As reported in the Congressional Record of deliberations on this new law, “subsection (a) would add a new clause to Section 8 USC Sec. 1182(a)(3)(E) that would trigger operation of the inadmissibility ground if an alien has “committed, ordered, incited, assisted or otherwise participated in “acts of torture…or extrajudicial killings as defined in the Torture Victim Protection Act.”

The Torture Victim Protection Act of 1991 defines extrajudicial killing as a “means a deliberate killing without previous judgment pronounced by a regularly constituted court affording all the judicial guarantees which are recognized as indispensable by civilized peoples.”

Filipinos in the Philippines who apply online for a tourist visa will be asked on Form DS-160 if they have ever “committed, ordered, incited, assisted or otherwise participated in “acts of torture…or extrajudicial killings as defined in the Torture Victim Protection Act.” If they truthfully answer that they “assisted” Duterte by enthusiastically supporting his extrajudicial killings, their tourist visa application will likely be rejected.

If they lie and somehow enter the US, and they find some way to be petitioned for a green card, they will have to fill out Form I-485, their Application for Adjustment of Status to the United States. “Part 3 Processing Information” asks on #14 “Have you EVER ordered, incited, called for, committed, helped with, or otherwise do any of the following: a. Acts involving torture or genocide? b. Killing any person?…”

If they lie and Immigration and Customs Enforcement (ICE) officials subsequently learn from their Facebook posts that they have “helped with” extrajudicial killings by actively endorsing and cheering Duterte’s blood lust, then their applications because they perjured themselves to obtain an immigration benefit.

If they somehow acquire their green cards by lying about their support for Duterte’s EJK and they then apply for naturalization as a US citizen, they will have to fill out Form N-400. In it on Part 12 #14, they will be asked: “Were you EVER involved in any way with any of the following: A. Genocide? B. Torture? Killing or trying to kill someone?…”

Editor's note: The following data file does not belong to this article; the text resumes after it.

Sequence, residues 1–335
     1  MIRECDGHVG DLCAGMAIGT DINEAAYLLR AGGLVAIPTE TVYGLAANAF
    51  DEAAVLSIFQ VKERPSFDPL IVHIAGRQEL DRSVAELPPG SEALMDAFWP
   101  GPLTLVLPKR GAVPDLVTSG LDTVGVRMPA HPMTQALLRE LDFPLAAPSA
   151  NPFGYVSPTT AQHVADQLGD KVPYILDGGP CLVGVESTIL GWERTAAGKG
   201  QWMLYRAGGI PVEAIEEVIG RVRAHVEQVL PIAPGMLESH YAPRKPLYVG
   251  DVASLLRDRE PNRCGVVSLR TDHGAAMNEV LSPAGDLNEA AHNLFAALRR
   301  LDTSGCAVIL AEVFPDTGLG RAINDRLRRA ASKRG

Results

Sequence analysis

“Any way” is quite broad and it can certainly be argued that endorsing/cheering Duterte’s “slaughter” of innocents (they are all innocent because they were never even charged with, much less convicted of, a crime) is a “way” of being involved in the extrajudicial killings of Duterte.

Duterte’s supporters in the US have banded together to form Diehard Duterte Supporters (DDS), which is notable because the group’s initials match that of the dreaded Davao Death Squad (DDS) which was responsible for the murders of more than 1500 drug suspects in Davao during Duterte’s 20 year term as city mayor. If these supporters list their membership in DDS in their immigration applications, they may likely be questioned about their organization’s beliefs and if they personally endorse Duterte’s extrajudicial killing of drug suspects.

The same Title XII Anti-Atrocity Alien Deportation Act of 2004 that may bar Duterte’s EJK supporters from being admitted into the US will also bar Pres. Duterte himself from visiting the United States. The precedent was established as recently as April of this year when Afghanistan’s First Vice President Abdul Rashid Dostum was advised by the US State Department that he would not be issued a visa to visit the US based on what Dostum did in 2001 when he ordered the suffocation of 2,000 Taliban prisoners in container trucks in the incident known as the Dasht-i-Leili Massacre.

While Duterte still enjoys public support in the Philippines, the latest Social Weather Stations (SWS) survey, reported in Rappler’s December 19, 2016 issue, found that 78% of Filipinos are “worried that they, or someone they know, will be victims of extrajudicial killings”(45% “very worried,” 33% “somewhat worried”).


These are the latest statistics compiled by the Philippine National Police (PNP) since Duterte became president:
6,173 – total number of people killed since July 1, 2016
2,124 – suspected drug personalities killed in police operations, as of December 18
4,049 – victims of extrajudicial or vigilante-style killings, as of December 15

Perhaps the time has come for Duterte’s EJK supporters in the US to also be “very worried” or even “somewhat worried” that their enthusiastic backing of Duterte may have unintended dire immigration consequences for them in the United States.


On December 28, Catholics all over the world will celebrate the Feast of the Holy Innocents to commemorate the massacre by King Herod who was seeking the boy who would be Jesus. “When Herod realized that he had been outwitted by the Magi, he was furious, and he gave orders to kill all the boys in Bethlehem and its vicinity who were two years old or under, in accordance with the time he had learned from the Magi. Then what was said through the prophet Jeremiah was fulfilled: “A voice is heard in Ramah, weeping and great mourning, Rachel weeping for her children and refusing to be comforted, because they are no more” Matthew 2:16-18.

The families of the EJK victims are weeping and in great mourning this Christmas. Pray for them.

(Send comments to Rodel50@gmail.com or mail them to the Law Offices of Rodel Rodis at 2429 Ocean Avenue, San Francisco, CA 94127).